Diet composition and feeding habits of Trachurus japonicus And Scomber Spp. larvae in the shelf break region of the East China Sea
Abstract:The feeding habits of larvae of co-occurring jack mackerel Trachurus japonicus (Temminck and Schlegel, 1844) and mackerels Scomber spp. in the shelf break region of the East China Sea were examined and compared. These larvae showed a high feeding incidence for daytime samples (82.9%–100% and 78.9%–96.2%, respectively). Prey size increased with larval development, while niche breadth was independent of larval size, and did not change during development for either taxon. The number of prey consumed was positively correlated with body length for T. japonicus, but not for Scomber spp. Although copepod nauplii and Paracalanus parvus were highly consumed by both T. japonicus and Scomber spp. larvae, the differences in prey composition were (1) the diversity of prey items in T. japonicus was much higher than that of Scomber spp. throughout the larval stage; (2) the gut contents of T. japonicus and Scomber spp. larvae > 6 mm in body length were mainly characterized by poecilostomatoid copepodites and appendicularians, reoecilostomatoid and spectively. The dietary overlap based on Schoener's index revealed low dietary affinities (35.6%–47.1%) between T. japonicus and Scomber spp. throughout the larval stage, illustrating their diet segregation.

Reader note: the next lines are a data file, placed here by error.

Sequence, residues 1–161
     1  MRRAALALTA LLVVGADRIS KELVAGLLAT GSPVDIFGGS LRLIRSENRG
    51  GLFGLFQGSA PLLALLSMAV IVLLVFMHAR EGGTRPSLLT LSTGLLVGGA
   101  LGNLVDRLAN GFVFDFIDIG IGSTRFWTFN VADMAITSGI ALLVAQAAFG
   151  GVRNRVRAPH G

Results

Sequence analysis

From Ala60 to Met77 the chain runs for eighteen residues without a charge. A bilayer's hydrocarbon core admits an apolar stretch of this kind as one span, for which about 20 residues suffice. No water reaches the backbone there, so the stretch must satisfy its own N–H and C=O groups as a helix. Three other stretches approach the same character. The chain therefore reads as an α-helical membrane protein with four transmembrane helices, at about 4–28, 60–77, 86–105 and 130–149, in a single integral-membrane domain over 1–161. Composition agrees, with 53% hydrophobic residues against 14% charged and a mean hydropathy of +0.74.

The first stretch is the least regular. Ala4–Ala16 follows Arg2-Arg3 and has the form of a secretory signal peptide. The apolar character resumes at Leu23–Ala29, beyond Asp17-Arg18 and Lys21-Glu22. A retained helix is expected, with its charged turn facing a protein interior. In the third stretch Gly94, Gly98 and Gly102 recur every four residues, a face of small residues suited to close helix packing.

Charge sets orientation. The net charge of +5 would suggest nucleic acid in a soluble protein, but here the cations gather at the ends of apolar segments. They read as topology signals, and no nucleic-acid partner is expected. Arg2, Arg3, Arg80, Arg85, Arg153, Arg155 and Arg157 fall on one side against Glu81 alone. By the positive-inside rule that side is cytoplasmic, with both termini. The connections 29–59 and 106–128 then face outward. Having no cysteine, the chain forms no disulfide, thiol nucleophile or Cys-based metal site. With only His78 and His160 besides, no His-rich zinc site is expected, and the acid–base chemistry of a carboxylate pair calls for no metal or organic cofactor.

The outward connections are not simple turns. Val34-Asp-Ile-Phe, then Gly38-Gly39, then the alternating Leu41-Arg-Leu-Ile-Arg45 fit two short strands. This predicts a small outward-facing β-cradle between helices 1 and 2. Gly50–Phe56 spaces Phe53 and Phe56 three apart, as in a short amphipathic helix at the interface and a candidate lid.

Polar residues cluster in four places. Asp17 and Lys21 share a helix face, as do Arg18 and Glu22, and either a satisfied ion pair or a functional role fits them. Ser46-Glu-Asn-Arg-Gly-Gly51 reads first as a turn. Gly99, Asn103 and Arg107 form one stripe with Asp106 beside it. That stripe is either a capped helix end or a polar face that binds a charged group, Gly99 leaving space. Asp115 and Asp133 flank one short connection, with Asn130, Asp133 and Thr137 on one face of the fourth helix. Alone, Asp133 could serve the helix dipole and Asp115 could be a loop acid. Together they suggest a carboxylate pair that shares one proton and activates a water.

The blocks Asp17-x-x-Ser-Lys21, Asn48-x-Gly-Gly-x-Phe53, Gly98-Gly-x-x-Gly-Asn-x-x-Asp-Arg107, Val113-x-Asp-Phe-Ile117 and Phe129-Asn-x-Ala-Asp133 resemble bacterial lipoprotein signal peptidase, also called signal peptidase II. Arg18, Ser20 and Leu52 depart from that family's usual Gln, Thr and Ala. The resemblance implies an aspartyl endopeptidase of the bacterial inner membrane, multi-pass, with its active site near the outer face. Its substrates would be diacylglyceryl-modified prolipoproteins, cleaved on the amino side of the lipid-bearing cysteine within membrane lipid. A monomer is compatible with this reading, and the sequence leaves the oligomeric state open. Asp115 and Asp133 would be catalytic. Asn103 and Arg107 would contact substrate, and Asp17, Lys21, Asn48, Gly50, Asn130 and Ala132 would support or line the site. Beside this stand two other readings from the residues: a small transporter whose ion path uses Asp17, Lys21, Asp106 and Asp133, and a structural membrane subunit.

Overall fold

Document Type: Research Article
Publication date: 2008-01-01
More about this publication?
- The Bulletin of Marine Science is dedicated to the dissemination of high quality research from the world's oceans. All aspects of marine science are treated by the Bulletin of Marine Science, including papers in marine biology, biological oceanography, fisheries, marine affairs, applied marine physics, marine geology and geophysics, marine and atmospheric chemistry, and meteorology and physical oceanography.
- Editorial Board
- Information for Authors
- Subscribe to this Title
- Terms & Conditions
- Ingenta Connect is not responsible for the content or availability of external websites